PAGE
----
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Assault Rifles / Carbines

M4 Carbine

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US Special Forces M4 SOPMOD

The one of most popular assault rifles, and for many special forces operator, a first pick. The M4 carbine is a family of firearms tracing its lineage back to earlier carbine versions of the M16, all based on the original AR-15 designed by Eugene Stoner and made by ArmaLite. It is a shorter and lighter version of the M16A2 assault rifle, with 80% parts commonality. The M4 has selective fire options including semi-automatic and three-round burst (like the M16A2) while the M4A1 has a “full auto” option along with three-round burst.

US Special Forces SOPMOD BLOCK II

The M4 and variants fire 5.56x45mm NATO ammunition (or .223 Remington ammunition) and are gas-operated, air-cooled, magazine-fed, selective fire firearms with a multi-position telescoping stock. Original M4 models had a flat-ended telescoping stock, but newer models are now equipped with a redesigned telescoping stock that is slightly larger with curvature at the end. The M4 is similar to much earlier compact M16 versions, such as the 1960s-era XM177 family. Some of those visual designs are obvious in both weapons, however, most of the similarities are not very noticeable.

As with many carbines, the M4 is handy and more convenient to carry than a full-length rifle. The price is slightly inferior ballistic performance compared to the full-size M16, with its nearly 6″ (15 cm) longer barrel. This becomes most apparent at ranges of 300 yards and beyond. Statistically, however, most small-arms engagements occur within 100 yards.[citation needed] This means that the M4 is very much an adequate weapon for the majority of troops. The marginal sacrifice in terminal ballistics and range, in exchange for greatly improved handling characteristics, is usually thought to be a worthwhile compromise.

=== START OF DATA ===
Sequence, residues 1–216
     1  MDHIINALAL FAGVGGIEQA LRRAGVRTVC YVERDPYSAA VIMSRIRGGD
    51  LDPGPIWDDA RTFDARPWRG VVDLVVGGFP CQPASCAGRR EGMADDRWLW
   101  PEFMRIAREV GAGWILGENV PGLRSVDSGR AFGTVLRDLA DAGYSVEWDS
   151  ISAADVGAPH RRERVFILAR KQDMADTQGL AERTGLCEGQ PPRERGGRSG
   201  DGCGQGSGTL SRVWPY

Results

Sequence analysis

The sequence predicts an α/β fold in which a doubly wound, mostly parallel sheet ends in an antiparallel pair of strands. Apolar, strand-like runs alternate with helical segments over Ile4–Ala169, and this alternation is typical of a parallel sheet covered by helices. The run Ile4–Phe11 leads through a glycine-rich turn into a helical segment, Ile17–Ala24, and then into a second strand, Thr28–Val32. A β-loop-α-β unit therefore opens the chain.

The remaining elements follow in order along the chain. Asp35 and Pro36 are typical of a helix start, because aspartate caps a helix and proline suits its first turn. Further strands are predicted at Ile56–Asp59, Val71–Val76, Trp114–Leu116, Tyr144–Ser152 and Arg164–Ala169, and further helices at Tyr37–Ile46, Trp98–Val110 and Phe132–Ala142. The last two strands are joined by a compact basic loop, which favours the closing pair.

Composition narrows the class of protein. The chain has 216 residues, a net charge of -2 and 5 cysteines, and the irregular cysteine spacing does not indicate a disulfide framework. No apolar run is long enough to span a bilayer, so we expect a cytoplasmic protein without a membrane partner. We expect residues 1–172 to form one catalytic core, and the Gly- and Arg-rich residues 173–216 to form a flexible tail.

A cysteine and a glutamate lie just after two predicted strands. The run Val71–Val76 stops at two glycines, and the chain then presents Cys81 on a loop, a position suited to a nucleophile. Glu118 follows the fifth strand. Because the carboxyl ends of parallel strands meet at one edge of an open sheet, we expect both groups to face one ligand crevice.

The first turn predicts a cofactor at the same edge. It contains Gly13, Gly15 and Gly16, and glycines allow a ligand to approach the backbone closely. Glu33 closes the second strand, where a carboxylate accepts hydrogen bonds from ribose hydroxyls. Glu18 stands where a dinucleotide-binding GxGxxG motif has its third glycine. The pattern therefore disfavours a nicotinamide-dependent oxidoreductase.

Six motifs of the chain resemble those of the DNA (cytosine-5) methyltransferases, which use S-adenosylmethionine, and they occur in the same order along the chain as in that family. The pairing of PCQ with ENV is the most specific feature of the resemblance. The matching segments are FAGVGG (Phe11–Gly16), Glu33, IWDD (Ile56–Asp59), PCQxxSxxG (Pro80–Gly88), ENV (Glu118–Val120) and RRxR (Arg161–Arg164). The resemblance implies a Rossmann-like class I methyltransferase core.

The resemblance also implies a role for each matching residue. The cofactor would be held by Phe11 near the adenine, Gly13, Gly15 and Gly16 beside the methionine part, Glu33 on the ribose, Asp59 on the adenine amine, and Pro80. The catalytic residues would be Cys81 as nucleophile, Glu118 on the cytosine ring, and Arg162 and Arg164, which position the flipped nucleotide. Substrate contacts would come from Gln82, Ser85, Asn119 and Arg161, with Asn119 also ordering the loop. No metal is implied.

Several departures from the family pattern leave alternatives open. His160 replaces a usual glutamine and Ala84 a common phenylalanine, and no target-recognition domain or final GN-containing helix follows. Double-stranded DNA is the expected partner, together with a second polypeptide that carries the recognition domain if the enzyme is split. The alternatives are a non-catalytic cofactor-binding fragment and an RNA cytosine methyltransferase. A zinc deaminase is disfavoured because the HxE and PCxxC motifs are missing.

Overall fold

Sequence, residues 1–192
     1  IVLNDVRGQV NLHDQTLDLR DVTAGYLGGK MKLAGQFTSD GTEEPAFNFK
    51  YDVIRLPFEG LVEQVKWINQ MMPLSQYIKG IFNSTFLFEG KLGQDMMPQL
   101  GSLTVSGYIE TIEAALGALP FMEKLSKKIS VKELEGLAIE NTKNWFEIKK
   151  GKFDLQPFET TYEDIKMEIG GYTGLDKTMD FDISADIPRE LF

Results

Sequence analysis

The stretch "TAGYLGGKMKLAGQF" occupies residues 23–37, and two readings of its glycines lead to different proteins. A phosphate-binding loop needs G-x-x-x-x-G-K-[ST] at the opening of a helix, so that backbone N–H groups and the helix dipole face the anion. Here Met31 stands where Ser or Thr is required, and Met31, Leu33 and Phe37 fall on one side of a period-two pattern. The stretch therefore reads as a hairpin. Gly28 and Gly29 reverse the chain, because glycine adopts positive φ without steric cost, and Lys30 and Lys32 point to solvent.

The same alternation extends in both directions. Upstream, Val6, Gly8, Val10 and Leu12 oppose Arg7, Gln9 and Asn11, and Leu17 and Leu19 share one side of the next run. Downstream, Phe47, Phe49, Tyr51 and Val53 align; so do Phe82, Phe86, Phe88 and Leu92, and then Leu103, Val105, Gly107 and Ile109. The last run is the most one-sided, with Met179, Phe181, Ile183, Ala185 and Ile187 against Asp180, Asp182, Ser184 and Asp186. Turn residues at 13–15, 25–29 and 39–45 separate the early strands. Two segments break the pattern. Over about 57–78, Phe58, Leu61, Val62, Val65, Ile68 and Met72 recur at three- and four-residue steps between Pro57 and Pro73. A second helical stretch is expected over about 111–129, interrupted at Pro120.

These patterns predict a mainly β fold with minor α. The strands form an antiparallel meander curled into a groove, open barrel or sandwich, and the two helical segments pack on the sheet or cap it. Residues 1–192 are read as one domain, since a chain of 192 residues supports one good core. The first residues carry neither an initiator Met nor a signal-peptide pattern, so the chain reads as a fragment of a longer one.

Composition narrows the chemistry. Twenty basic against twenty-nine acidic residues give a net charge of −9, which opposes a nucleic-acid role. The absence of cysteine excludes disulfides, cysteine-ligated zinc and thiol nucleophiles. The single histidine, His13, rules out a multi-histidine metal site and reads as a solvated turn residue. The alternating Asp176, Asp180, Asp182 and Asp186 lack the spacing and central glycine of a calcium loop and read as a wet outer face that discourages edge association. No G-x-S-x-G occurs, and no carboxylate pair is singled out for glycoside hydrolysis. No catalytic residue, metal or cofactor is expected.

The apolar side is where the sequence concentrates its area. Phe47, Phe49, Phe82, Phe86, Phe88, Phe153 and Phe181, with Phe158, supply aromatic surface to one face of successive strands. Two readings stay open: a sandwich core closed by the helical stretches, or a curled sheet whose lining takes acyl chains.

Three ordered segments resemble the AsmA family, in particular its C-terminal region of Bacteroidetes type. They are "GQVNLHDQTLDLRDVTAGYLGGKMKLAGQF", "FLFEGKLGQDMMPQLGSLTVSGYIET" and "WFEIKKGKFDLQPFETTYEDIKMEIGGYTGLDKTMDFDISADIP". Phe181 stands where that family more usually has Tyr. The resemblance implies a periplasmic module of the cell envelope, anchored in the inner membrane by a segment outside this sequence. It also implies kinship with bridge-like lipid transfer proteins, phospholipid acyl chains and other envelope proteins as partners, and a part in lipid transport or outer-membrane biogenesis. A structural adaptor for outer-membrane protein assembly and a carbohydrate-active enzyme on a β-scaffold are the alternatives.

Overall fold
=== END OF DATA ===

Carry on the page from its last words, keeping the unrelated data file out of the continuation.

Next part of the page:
M4 Carbine

While the M4′s maneuverability makes it a candidate for non-infantry troops (vehicle crews, clerks, and staff officers), it also makes it ideal for close quarters battle (CQB). The M4 was developed and produced for the United States government by Colt Firearms, which had an exclusive contract to produce the M4 family of weapons through 2009;[citation needed] however, a number of other manufacturers offer M4-like firearms. The M4A1, along with the M16A4, have mostly replaced the M16A2; the U.S. Air Force, for example, plans to transition completely to the M4. The M4 is also the standard rifle for U.S. Air Force Security Forces members whether at home station or deployed abroad. They maintain a yearly qualification on it.

The United States Marine Corps has ordered its officers (up to the rank of lieutenant colonel) and Staff Non-commissioned officers to carry the M4A1 carbine instead of the M9 handgun. This is in keeping with the Marine Corps motto, “Every Marine is a rifleman.” United States Navy corpsmen will also be issued M4A1s instead of the M9.

VARIANTS OF THE M4

M4A1

The M4A1 carbine is a fully-automatic variant of the basic M4 carbine intended for special operationsuse. The M4A1 has an “S-1-3-F” (safe/semi-automatic/3-round burst/fully automatic) trigger group while the M4 has an “S-1-3″ (safe/semi-automatic/3-round burst) trigger group. The M4A1 is used by almost all U.S special operation units. The M4A1 is especially favored by counter-terrorist and special forces units for close quarters combat because of the carbine’s compactness and firepower. These features are also very useful in urban warfare. Although the M4 has less effective range than the longer M16, many military analysts consider engagement with a non-specialized small arm above a range of 300 meters (330 yds) to be unnecessary. It is effective at ranges of 150 meters (160 yds) or less and has a maximum effective range of about 500 to 600 meters (550–660 yd).

M4 Carbine